by Bob Schoone-Jongen
In the wake of President Trump’s embrace of “patriotic history” at the National Archives on Thursday, I rise to speak in favor of the discipline I taught, studied, researched, and wrote about for decades. I also rise to oppose categorically the debauched definition of history he espoused in that hallowed national space within sight of the Constitution, Bill of Rights, and Declaration of Independence.
Back in the day, before the internet, I used to regularly listen to shortwave radio to find out what was happening in the world. Back in that day, one of the loudest voices on those bands was Radio Moscow. I can still hear the baritone voices giving the English language version of the Soviet Union’s story. Part of that story was the sovereign belief that the USSR had never been wrong, had always acted honorably, and that life under the Soviet Union had been uninterrupted rise to greatness. In this telling, there were no gulags, no forced labor, no liquidation of the kulaks, no pact with the Nazis. In fact, by the 1980s Stalin had largely disappeared from the narrative. It was all sanitized, rosy, varnished, and a lie.
Since the advent of the internet, and my discovery of email, my signature has included the phrase, “History—the way today got here.” My history career rested on the truth that history is real, knowable, and valuable. The past is our mirror. In it, we can see ourselves for who we are, if we take the time to wipe the fog from that mirror. Something else promotes a clearer vision. Christ said we should first remove the planks blinding our own eyes, before denouncing the mote obscuring someone else’s. Willful ignorance can tempt and curse any of us. And as Reinhold Niebuhr warned about sanitized national histories, such collective, willful ignorance destroys all it touches.
To say, as President Trump suggests, that the history of the United States is nothing but the triumph of freedom, is willful ignorance. Our national story is both 1776 and 1619, both “all men are created equal” and the “peculiar institution”. Both are true, not just one or the other. Two of the founders carved on Mount Rushmore—beneath which the President stood in July—owned, bought, and sold human beings. The Confederacy’s leaders, whose statues the President deems sacred, committed treason against the United States (as actually defined by the Constitution) to preserve slavery. The Constitution, which the President used as prop the other day, condoned slavery. In fact, condoning slavery made our national government possible. Abraham Lincoln, another face on that South Dakota mountain, was killed for his opposition to slavery. And Theodore Roosevelt lunched with Booker T. Washington at the White House—just once. Then came the backlash in the press. These are hard truths; nevertheless, they are true.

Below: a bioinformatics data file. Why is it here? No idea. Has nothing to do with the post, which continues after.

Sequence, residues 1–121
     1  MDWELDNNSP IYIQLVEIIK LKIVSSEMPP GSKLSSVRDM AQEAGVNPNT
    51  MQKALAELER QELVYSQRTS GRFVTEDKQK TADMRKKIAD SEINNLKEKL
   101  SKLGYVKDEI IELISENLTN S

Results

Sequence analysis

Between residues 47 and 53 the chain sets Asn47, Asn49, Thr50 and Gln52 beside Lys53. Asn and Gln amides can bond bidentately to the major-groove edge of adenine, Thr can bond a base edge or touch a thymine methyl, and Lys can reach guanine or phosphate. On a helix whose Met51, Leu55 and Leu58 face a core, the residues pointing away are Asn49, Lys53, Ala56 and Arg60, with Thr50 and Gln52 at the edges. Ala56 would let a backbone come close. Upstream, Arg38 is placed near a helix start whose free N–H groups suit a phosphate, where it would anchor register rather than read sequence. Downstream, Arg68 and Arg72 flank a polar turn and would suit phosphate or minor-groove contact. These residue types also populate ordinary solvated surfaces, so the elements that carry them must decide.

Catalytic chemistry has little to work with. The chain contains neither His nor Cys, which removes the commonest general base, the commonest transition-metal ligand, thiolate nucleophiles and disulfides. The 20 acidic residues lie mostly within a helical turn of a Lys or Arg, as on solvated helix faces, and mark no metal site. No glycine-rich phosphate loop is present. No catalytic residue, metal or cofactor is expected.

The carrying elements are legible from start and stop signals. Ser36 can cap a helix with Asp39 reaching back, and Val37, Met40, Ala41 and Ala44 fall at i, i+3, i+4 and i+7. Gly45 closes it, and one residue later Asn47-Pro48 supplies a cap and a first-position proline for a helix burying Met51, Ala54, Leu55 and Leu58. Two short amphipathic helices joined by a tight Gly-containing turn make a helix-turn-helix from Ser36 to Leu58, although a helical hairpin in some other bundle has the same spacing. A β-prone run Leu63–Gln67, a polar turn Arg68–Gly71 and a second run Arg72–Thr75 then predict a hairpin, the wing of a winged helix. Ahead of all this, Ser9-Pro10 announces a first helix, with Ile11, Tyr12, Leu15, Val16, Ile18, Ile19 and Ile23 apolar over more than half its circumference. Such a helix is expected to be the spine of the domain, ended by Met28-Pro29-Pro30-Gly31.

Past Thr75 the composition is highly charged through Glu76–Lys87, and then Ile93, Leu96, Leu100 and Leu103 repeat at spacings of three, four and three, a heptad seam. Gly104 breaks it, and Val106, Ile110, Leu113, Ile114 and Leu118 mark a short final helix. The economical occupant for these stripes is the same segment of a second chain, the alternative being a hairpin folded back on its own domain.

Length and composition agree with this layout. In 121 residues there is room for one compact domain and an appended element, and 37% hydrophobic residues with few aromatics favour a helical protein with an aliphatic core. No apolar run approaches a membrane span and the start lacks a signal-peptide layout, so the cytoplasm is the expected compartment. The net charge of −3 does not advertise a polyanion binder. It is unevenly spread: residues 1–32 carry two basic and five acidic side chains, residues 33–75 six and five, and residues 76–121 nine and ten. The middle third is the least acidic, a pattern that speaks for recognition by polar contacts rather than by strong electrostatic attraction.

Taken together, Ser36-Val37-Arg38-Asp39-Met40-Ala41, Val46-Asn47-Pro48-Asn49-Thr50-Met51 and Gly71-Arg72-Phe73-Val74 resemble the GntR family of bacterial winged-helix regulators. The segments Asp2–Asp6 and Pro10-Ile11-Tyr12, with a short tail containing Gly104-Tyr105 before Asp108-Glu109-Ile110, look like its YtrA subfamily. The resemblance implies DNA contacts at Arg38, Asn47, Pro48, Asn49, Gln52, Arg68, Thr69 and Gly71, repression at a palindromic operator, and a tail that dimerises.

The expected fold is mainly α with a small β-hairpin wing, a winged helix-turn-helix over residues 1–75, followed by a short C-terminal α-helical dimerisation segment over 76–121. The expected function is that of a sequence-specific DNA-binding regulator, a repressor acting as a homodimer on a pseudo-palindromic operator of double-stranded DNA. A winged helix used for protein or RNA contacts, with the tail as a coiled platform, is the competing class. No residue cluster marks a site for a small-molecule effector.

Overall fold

The Scriptures also tell us, “You shall know the truth, and the truth shall set you free.” While the immediate context may refer to religious truth, Christianity does teach that ultimately all truth is one. We cannot be Christian and engage in deliberate distortion of the truth. History happens. People propel the events we read about and study; but people are not perfect. Therefore, the people’s story—our American history—will be rife with our imperfections. Unless we anesthetize ourselves into distortion, we have no choice but to address those imperfections staring at us in history’s mirror.